The discovery of somatostatin and the cloning and characterisation of its five receptor subtypes have led to many intriguing developments in clinical nuclear medicine. It was found that somatostatin administration resulted in inhibition of hormonal overproduction syndromes [5], which are found in several neuro-endocrine tumours. In addition, these tumours were shown to exhibit a high expression of somatostatin receptors [8-10]. Somatostatin itself can not be used for treatment purposes because it is metabolised very rapidly [5]. Analogues were made, of which octreotide was the most important. This eight- amino acid peptide has a longer plasma half-life and is now used for treatment of neuro- endocrine tumour-related hormonal overproduction syndromes [5]. The next step was the development of specific targeting and visualisation of the somatostatin receptor on the tumour cell surface. Octreotide was radiolabelled with the gamma-emitter 111In, using the attached chelator DTPA ([111In-DTPA0]octreotide, Octreoscan®). In 1994, Octreoscan® was approved for diagnostic use by the U.S. Federal Drug Administration in patients and it has become one of the most important imaging investigations in the initial identification and staging of gastroenteropancreatic neuro endocrine tumours [16-18, 234]. Patients with neuro-endocrine tumours have a number of therapeutic options (surgery, unlabelled somatostatin analogues, hepatic artery embolisation, ablation, chemotherapy and interferon-alpha), but these seldom result in cure [5, 235]. So, it was aimed to deliver therapeutic radioactivity to the tumour, adding a new therapeutic modality to the current available treatment options.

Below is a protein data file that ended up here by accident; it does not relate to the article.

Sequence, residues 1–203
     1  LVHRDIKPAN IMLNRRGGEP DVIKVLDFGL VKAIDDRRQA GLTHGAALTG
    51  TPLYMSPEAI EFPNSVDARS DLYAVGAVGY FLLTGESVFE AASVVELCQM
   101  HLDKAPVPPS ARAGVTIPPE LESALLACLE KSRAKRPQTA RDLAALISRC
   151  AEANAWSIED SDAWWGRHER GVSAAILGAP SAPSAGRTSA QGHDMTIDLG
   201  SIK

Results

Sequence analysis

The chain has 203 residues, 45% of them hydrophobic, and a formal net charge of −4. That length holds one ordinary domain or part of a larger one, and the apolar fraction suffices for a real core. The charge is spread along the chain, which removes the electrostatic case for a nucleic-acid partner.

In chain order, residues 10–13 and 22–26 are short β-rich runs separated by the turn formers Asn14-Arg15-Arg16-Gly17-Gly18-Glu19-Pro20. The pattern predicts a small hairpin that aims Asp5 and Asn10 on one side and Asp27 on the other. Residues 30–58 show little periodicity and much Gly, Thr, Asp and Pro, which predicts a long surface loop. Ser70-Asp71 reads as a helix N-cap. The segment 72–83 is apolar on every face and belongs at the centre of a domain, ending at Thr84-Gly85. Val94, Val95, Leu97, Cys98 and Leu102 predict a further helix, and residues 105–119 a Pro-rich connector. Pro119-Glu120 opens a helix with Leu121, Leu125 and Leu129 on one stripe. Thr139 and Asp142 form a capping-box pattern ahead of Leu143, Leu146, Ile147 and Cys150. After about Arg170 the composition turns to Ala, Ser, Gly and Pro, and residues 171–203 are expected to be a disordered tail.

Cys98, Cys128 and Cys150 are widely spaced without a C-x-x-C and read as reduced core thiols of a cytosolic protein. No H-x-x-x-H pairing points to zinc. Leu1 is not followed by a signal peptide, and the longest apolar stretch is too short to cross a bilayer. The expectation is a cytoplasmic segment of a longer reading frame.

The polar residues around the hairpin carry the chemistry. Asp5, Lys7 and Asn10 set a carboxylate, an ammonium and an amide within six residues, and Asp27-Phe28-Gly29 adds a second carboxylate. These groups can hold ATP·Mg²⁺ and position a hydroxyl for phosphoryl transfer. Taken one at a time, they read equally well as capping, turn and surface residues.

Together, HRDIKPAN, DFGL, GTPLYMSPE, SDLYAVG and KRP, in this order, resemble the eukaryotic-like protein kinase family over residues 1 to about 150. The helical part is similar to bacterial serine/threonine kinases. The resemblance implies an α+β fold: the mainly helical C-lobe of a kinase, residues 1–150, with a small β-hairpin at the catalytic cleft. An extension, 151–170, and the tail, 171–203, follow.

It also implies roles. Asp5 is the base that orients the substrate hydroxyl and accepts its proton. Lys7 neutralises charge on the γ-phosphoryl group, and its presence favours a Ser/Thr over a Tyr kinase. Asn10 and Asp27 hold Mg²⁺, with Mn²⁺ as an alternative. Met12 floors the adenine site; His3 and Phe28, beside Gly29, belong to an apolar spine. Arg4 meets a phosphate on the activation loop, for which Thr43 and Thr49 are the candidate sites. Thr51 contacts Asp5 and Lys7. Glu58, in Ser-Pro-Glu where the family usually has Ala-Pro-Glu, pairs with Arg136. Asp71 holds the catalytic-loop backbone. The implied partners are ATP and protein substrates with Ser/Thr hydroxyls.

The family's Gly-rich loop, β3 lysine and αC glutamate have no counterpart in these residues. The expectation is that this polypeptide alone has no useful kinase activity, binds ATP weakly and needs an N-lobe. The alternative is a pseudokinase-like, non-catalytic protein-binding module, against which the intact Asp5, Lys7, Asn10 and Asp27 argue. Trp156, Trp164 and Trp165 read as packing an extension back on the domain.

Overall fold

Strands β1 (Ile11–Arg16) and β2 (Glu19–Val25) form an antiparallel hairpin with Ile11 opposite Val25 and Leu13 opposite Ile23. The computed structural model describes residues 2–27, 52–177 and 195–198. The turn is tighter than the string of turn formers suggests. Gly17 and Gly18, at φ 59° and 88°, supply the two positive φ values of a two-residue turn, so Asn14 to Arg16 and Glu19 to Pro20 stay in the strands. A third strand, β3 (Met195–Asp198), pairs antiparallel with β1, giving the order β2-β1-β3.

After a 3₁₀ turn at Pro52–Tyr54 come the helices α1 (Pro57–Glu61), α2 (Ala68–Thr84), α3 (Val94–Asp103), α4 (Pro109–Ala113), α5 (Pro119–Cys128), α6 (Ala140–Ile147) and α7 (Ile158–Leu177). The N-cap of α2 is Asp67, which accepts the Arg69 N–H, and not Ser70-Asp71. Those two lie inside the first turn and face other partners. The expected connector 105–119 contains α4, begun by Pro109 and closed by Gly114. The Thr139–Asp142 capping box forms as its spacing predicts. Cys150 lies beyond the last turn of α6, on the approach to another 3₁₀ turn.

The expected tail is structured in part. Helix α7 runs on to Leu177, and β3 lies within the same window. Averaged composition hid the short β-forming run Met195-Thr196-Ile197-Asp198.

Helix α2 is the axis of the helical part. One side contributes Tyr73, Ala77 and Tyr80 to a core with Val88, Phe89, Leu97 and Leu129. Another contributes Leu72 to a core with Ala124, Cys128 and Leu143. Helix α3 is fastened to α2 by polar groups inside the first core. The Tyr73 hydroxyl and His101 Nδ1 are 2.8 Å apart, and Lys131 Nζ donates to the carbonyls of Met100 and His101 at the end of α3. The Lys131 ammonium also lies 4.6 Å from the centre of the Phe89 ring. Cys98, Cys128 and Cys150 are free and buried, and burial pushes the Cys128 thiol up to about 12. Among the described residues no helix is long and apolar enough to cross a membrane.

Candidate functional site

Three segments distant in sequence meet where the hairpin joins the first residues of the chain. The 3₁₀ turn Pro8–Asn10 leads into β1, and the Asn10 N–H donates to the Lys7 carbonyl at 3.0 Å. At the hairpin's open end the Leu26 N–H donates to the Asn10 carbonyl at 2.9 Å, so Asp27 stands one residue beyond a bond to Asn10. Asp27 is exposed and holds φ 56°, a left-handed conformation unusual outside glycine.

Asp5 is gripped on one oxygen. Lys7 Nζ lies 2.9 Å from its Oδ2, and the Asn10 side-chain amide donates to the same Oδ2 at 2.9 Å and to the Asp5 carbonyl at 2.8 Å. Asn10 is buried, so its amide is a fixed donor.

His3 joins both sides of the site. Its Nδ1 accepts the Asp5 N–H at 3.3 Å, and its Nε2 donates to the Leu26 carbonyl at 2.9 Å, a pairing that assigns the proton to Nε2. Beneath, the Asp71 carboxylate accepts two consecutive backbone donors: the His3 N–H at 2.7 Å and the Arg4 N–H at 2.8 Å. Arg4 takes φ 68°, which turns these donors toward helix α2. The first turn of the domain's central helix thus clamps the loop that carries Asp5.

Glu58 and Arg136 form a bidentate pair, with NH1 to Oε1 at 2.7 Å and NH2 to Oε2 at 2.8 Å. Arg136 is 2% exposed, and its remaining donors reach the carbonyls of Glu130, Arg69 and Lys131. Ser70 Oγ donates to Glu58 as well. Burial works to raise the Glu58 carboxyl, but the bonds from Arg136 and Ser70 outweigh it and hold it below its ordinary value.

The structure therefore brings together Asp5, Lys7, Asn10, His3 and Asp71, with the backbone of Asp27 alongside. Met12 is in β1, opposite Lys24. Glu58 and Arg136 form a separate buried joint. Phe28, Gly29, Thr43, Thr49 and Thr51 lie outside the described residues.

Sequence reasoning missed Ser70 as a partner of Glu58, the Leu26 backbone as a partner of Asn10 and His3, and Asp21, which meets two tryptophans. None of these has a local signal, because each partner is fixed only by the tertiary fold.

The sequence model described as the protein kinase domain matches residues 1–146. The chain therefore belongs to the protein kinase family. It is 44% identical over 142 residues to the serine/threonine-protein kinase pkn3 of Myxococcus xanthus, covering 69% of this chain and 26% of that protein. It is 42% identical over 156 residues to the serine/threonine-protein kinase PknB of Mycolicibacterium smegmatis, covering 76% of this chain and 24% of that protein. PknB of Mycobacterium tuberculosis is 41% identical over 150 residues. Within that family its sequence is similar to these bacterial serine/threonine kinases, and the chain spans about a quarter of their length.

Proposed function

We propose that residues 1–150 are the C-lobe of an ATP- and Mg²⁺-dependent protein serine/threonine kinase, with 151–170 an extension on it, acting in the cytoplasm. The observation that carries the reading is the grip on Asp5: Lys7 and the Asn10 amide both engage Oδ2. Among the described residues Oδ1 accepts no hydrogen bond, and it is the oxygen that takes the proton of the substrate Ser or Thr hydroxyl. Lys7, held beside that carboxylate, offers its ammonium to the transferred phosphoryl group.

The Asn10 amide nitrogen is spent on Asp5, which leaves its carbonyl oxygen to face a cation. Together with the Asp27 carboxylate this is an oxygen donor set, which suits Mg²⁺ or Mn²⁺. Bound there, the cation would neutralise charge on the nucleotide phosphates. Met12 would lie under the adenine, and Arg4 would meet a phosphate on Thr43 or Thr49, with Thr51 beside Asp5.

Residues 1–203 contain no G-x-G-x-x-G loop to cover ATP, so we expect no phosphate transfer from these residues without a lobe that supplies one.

Jong, Prof. Dr. Ir. M. de (promotor), Krenning, Prof. Dr. E.P. (promotor)
E.P. Krenning (Eric) , M. de Jong (Marion)
Erasmus University Rotterdam
Erasmus MC: University Medical Center Rotterdam

Rolleman, E. J. (2007, June 14). Kidney Protection During Receptor Radionuclide Therapy. Retrieved from